Literary Allusions

Literary Allusions

According to the Random House Dictionary, an allusion is “a passing or casual reference, either directly or by implication.” It is a common practice in literature to make allusions to a variety of sources. The following is a list of allusions to literary characters, places, and events, and phenomena.

  • Babbitt: a self-satisfied person concerned chiefly with business and middle-class ideals like material success; a member of the American working class whose unthinking attachment to its business and social ideals is such to make him a model of narrow-mindedness and self-satisfaction ; after George F. Babbitt, the main character in the novel Babbitt by Sinclair Lewis.
  • Boswell: James Boswell (1740–95) is best known for his 1791 book The Life of Samuel Johnson, LL.D., considered by many to be the greatest English-language biography ever written. His name is now applied to any devoted biographer. In one story, Sherlock Holmes refers to Watson as his Boswell. 
  • Brobdingnagian: gigantic, enormous, on a large scale, enlarged ; after Brobdingnag, the land of giants visited by Gullivar in Gullivar’s Travels, by Jonathan Swift.
  • Bumble: to speak or behave clumsily or faltering, to make a humming or droning sound; Middle English bomblem; a clumsy religious figure (a beadle) in a work of literature.
  • Cinderella: one who gains affluence or recognition after obscurity and neglect, a person or thing whose beauty or worth remains unrecognized; after the fairy-tale heroine who escapes form a life of drudgery through the intervention of a fairy godmother and marries a handsome prince.
  • Don Juan: a libertine, profligate, a man obsessed with seducing women ; after Don Juan, the legendary 14th century Spanish nobleman and libertine.
  • Don Quixote: someone overly idealistic to the point of having impossible dreams; from the crazed and impoverished Spanish noble who sets out to revive the glory of knighthood, romanticized in the musical The Man of La Mancha based on the story by Cervantes.
  • Falstaffian: full of wit and bawdy humor; after Falstaff, a fat, sensual, boastful, and mendacious knight.
  • Frankenstein: Anything that threatens or destroys its creator; from.the young scientist in Mary Shelley’s novel of this name, who creates a monster that eventually destroys him.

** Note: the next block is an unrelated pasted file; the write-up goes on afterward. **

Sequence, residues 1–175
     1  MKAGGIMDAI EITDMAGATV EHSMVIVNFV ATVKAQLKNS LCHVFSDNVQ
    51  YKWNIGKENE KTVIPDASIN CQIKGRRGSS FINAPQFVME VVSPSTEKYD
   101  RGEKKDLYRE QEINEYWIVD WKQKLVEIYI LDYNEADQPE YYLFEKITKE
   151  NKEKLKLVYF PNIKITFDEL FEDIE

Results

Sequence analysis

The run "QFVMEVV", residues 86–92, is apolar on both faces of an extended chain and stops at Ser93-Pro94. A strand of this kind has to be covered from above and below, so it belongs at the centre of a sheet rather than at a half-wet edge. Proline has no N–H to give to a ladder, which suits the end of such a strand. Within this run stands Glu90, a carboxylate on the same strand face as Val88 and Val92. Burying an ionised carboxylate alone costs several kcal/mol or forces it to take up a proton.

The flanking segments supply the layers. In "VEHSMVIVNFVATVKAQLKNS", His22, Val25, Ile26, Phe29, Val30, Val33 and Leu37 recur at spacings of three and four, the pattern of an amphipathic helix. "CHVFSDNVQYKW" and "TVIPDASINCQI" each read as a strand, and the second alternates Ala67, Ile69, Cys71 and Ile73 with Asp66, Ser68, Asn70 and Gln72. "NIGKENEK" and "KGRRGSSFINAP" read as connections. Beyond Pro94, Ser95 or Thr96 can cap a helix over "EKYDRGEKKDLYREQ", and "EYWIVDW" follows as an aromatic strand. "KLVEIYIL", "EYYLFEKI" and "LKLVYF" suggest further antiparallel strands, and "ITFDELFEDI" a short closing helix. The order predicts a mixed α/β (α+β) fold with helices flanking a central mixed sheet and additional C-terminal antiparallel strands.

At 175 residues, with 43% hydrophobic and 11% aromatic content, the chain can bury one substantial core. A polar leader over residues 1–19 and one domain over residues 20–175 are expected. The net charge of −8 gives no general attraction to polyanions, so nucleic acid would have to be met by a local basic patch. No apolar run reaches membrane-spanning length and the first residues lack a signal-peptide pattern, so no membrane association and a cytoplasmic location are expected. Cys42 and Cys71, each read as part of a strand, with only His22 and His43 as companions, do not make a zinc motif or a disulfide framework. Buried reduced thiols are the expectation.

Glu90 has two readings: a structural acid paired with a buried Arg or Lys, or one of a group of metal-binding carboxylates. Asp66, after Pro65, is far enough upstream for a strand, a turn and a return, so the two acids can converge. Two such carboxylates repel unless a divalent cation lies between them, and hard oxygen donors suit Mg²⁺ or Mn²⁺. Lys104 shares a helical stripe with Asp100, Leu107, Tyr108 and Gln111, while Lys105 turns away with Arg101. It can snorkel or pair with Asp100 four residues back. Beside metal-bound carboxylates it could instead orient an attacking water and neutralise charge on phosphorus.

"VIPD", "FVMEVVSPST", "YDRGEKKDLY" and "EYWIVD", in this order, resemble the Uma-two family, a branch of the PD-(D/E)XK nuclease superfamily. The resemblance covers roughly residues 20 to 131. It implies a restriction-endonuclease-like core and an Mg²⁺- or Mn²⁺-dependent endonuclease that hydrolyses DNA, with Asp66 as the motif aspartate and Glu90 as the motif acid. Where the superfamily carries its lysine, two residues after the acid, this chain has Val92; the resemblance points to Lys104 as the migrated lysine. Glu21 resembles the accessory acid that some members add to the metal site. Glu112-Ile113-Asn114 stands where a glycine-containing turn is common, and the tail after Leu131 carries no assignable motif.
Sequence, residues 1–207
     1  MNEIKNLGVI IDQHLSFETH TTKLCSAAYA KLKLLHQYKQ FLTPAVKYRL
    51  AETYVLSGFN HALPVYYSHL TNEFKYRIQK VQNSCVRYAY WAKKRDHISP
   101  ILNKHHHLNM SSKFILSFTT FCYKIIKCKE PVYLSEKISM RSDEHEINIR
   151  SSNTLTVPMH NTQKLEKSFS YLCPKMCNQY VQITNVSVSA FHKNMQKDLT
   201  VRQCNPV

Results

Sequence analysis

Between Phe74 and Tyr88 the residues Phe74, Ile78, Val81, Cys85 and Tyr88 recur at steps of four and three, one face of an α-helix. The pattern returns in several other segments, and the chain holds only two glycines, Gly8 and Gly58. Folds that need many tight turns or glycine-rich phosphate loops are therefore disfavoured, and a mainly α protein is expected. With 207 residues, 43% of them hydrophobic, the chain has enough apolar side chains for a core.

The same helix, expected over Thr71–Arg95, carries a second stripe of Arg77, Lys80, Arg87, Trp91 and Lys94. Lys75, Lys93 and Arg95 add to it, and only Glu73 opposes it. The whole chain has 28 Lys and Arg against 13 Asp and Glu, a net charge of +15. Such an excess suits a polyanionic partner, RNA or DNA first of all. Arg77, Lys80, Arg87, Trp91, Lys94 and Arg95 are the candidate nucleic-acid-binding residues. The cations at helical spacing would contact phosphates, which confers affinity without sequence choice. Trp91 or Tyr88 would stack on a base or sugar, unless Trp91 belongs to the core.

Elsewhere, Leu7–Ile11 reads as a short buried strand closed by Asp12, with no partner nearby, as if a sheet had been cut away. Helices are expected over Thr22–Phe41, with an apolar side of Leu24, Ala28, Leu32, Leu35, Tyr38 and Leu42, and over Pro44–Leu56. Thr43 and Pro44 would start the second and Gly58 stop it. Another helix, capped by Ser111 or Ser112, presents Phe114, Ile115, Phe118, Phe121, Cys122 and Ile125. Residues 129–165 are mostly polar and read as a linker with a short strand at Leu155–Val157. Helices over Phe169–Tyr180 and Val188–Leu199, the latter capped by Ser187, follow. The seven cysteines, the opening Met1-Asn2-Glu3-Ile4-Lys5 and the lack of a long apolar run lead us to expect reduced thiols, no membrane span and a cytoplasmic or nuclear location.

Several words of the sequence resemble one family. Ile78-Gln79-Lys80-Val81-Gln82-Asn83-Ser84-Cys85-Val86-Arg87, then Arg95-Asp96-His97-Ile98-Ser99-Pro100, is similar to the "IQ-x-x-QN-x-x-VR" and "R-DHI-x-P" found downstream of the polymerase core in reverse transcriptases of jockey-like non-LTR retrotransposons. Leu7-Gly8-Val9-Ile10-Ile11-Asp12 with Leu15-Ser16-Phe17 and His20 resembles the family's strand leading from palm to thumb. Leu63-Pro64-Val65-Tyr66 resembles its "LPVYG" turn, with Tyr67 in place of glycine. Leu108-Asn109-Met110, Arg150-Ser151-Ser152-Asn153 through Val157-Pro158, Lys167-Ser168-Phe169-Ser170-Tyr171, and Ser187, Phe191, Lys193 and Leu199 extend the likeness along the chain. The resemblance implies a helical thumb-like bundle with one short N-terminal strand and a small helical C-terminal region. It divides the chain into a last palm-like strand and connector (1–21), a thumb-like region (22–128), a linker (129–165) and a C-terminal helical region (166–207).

• Friday: A faithful and willing attendant, ready to turn his hand to anything; from the young savage found by Robinson Crusoe on a Friday, and kept as his servant and companion on the desert island.
  • Galahad: A pure and noble man with limited ambition; in the legends of King Arthur, the purest and most virtuous knight of the Round Table, the only knight to find the Holy Grail.
  • Jekyll and Hyde: A capricious person with two sides to his/her personality; from a character in the famous novel Dr. Jekyll and Mr. Hyde who had more than one personality, a split personality (one good and one evil).
  • Lilliputian: descriptive of a very small person or of something diminutive, trivial or petty; after the Lilliputians, tiny people in Gullivar’s Travels by Jonathan Swift.
  • Little Lord Fauntleroy: refers either to a certain type of children’s clothing or to a beautiful, but pampered and effeminate small boy; from a work by Frances H. Burnett, the main character, seven-year-old Cedric Errol, was a striking figure, dressed in black velvet with a lace collar and yellow curls.
  • Lolita: In Vladamir Nabokov’s 1955 novel, Lolita, the adult narrator is infatuated by the 12-year-old title character. While the original Lolita was described as a rather plain child who was unfortunate in becoming an object of obsession, the name has become a term for a sexually precocious adolescent girl. The tabloids called Amy Fisher the “Long Island Lolita.”
  • Lothario: used to describe a man whose chief interest is seducing a woman; from the play The Fair Penitent by Nicholas Rowe, the main character and the seducer.
  • Malapropism: The usually unintentional humorous misuse or distortion of a word or phrase, especially the use of a word sounding somewhat like the one intended, but ludicrously wrong in context: Example: polo bears. Mrs. Malaprop was a character noted for her misuse of words in R. B. Sheridan’s comedy The Rivals.
  • Milquetoast: The Timid Soul, a one-panel newspaper comic by H.T. Webster, made its first appearance in the New York World in 1924. Its main character was a timid, soft-spoken, easily dominated man named Caspar Milquetoast. His name has come to be used for anybody who’s a complete wimp. His neighbor borrowed all his tools months ago, but that milquetoast is too timid to ask for them back.